New Jersey joins a growing list of states seeking to limit employers’ use of non-compete and non-solicitation agreements, adding to the patchwork of legislation in this area.
The New Jersey State Legislature proposed a bill on May 2, 2022 that would regulate and severely limit an employer’s use of non-compete agreements. Specifically, under A3715, all no-poach agreements would be void and non-compete agreements never enforceable against certain types of workers, including interns, apprentices, independent contractors, minors, low-wage employees, or employees who will be employed for less than one year. Outside of this population, restrictive covenants would only be enforced if the employer first discloses the terms of the agreement in writing 30 days before a prospective employee’s offer or, for current employees, 30 days before the agreement would be effective. Post-employment restrictions could only last for 12-months and employees must provide 10 days’ notice of their intent to enforce a post-employment agreement.
The bill also would codify factors which are typically evaluated by courts in considering the reasonableness of a restrictive covenant, including geographic reach, scope of activities, and only imposing restrictions as necessary to protect the legitimate business interests of the employer. Legitimate business interests explicitly include trade secrets and other confidential business information.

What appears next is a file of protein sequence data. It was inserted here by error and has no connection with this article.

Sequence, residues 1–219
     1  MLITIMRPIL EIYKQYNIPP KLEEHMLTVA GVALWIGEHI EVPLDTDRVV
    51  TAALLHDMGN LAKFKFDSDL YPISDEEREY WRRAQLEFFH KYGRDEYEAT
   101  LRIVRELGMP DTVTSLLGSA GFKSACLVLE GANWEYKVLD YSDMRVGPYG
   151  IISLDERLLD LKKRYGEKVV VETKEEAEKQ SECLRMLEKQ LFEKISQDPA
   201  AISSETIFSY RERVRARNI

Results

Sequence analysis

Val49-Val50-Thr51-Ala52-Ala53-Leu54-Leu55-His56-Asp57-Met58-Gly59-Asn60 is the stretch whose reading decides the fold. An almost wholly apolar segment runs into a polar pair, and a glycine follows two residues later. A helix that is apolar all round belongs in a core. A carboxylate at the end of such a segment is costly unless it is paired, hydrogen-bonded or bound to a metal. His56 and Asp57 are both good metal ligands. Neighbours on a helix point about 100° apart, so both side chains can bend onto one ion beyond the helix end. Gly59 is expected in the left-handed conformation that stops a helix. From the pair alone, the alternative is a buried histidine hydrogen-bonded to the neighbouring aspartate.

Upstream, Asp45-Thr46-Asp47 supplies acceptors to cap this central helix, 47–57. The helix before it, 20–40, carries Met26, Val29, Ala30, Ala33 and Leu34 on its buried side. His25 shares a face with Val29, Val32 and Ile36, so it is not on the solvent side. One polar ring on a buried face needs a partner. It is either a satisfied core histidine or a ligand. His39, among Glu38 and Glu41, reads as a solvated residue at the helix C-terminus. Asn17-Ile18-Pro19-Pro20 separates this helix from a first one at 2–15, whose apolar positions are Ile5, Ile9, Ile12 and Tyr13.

Importantly, the New Jersey bill , as drafted, would not be not retroactive; therefore, if passed, it would not apply to agreements in place before the act is effective.
There are similarities between the proposed New Jersey legislation and legislation enacted in other states. Protection for trade secrets is a typical carveout. Several other states, including Maryland, Oregon, and Virginia similarly outright ban non-compete agreements for “low wage employees,” although each state has a different formula for determining who qualifies as a low wage employee. Oregon likewise finds all post-employment restrictions that exceed 12 months unreasonable. Interestingly, the New Jersey bill is one of the few proposals or laws to specifically call out “no-poach agreements,” a growing area of concern and enforcement, particularly for the federal government.
Although President Biden has, in the past, floated national non-compete legislation and it was included as a directive in last year’s Executive Order on Promoting Competition in the American Economy, this is an area generally regulated by the states. Employers need to keep a watchful eye on the increasing number of restrictions enacted by statute around the United States, and in particular, where they differ. Differences among the states is even more important as employers permit more of their workforce to work remotely. This proposed legislation is a reminder for employers to examine both their non-compete policies and remote work policies.